This cocktail chair has a mod silhouette, but it’s the Scalamandré print that takes it to the next level. “The deep green background with full-bodied cheetahs is the perfect statement piece for any classic collector,” says Alessandra Wood, Modsy’s VP of style.

Interior designer Dani Arps recommends this walnut chair for its “classic mid-century modern appeal” and “beautiful profile.” We like that the Vermont-made piece has a bit of a Shaker spirit to it, making it a great chair for a transitional décor scheme.

Modsy designer Megan Huffman recommends this mid-century modern–inspired piece for its sleek and comfortable design. It features a solid walnut wood frame and the option to customize the upholstery, which means that it can be adapted for any lifestyle or décor scheme.

While it’s just a smidgen over $1,000, the Finn Lounge Chair, with a frame made from European white oak and leather cushions sourced from a small family tannery, would lend a sophisticated Scandinavian feel to any room. “This is one of my favorite pieces,” says Arps. “It’s so well priced and the quality is insane.”

If you want to go the custom route without paying too much, Lynch-Sparks suggests buying a vintage piece like this and redoing the upholstery in discounted fabric from a place like Stitchroom.

Keren Richter of design studio the White Arrow also prefers to source vintage pieces for her projects. “It’s a surefire way to have something in your home that tells a story without sacrificing quality,” she says. She likes this vintage mid-century piece by Brazilian modernist Geraldo De Barros. With a tubular metal frame and a graphic print, it makes a statement without being too loud. “The silhouette and upholstery feel incredibly fresh,” says Richter. The price is right, too.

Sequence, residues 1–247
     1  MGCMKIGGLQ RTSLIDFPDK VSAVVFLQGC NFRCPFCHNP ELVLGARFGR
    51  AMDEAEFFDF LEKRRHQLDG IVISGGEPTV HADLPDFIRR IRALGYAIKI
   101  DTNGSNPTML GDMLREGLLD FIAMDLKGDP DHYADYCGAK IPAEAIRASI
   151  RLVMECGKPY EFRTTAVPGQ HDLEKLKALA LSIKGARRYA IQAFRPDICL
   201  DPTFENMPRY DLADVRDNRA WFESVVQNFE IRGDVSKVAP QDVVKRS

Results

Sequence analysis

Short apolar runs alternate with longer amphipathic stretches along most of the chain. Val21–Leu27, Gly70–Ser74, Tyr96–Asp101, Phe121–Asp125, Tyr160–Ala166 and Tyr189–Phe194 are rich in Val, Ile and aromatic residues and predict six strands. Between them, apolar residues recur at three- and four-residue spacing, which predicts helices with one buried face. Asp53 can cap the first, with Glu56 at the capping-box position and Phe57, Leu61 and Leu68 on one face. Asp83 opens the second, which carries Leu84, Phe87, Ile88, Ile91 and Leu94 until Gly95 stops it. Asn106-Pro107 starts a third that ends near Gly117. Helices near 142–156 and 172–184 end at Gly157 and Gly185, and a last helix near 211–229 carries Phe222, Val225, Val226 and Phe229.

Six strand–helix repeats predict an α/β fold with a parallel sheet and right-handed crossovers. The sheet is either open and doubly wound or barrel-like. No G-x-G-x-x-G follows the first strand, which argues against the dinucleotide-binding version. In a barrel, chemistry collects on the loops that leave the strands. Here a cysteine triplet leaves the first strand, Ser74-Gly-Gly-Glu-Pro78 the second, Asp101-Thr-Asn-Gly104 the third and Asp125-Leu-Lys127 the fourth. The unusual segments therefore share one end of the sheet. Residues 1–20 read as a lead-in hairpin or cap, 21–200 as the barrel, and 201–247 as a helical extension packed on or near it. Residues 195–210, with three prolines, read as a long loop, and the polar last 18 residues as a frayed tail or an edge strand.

Contemporary armchairs

If you’re looking for accent chairs that reinterpret the past but are a bit more surprising in their shapes, consider these contemporary designs. Sisters Hollister and Porter Hovey, the duo behind design-and-staging company Hovey Design, “love the sexiness of ’70s décor,” and suggest Anthropologie’s update of Vladimir Kagan’s tripod club chair for its fun black-and-white pattern that makes a big impact. “We’d recommend searching for the real thing,” they say, “but this is fun and you’ll know you can get an exact pair.” Modsy’s Huffman also recommends the Effie chair, saying that it “would make a great focal point for any room.”